Pericardial Cysts

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Pericardial cysts are rare, benign lesions of the pericardium, usually situated on the right or left cardiophrenic angles. Bidimensional echocardiography shows them as hypoechogenic, quite spheric masses starting from pericardium and usually associated with different grades of pericardial effusion. Clinicians must put pericardial cysts in the differential diagnosis of mediastinal masses.

These masses are usually well tollerated but may occasionally be symptomatic when cause a compression of contiguous structures (main bronchus, vascular structures, right-sided heart chambers). A very rare but threatening complication is the rupture of the cyst in the pericardium with subsequent tamponade.

Pericardial cysts are usually an incidental finding on chest x-ray. The diagnostic work-up include: echocardiography for the differential diagnosis with other diseases (i.e. left ventricle aneurysm, aortic aneurysm, solid tumors), for the evaluation of the anatomic relations with other cardiac structures and for the assessment of possible complications (i.e. compression of surrounding structures); three-dimensional and transoesofageal echocardiography may help in a better determination of the mass; TAC and MRI could provide a more precise characterization of the lesion and its relation with mediastinal structures.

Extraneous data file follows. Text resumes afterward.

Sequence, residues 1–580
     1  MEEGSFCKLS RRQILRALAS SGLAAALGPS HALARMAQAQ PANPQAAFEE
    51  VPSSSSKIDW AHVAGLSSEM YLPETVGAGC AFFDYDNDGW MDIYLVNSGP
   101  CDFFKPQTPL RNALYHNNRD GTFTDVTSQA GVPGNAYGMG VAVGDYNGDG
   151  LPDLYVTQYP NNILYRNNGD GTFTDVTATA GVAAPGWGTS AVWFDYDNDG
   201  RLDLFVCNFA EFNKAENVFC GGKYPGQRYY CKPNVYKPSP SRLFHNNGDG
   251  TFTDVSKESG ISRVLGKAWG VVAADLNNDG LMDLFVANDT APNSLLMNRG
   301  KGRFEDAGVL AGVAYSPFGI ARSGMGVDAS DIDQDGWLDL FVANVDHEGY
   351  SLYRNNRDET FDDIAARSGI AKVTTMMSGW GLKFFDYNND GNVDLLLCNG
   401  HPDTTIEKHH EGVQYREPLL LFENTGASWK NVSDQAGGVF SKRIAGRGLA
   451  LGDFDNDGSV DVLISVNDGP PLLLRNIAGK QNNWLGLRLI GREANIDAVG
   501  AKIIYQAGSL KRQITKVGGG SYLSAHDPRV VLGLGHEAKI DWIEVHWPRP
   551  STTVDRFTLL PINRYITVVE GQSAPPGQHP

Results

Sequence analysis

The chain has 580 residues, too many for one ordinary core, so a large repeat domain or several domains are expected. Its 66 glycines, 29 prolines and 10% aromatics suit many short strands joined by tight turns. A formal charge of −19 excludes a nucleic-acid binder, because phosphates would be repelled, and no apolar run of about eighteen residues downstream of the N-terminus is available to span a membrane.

1. Patel J, Park C, Michaels J, Rosen S, Kort S. Pericardial cyst: case reports and a literature review. Echocardiography. 2004 Apr;21(3):269-72.
2. Butz T, Faber L, Langer C, Wiemer M, Horstkotte D, Piper C. Images in cardiovascular medicine. Echocardiography-guided percutaneous aspiration of a large pericardial cyst. Circulation. 2007 Oct 30;116(18):e505-7.

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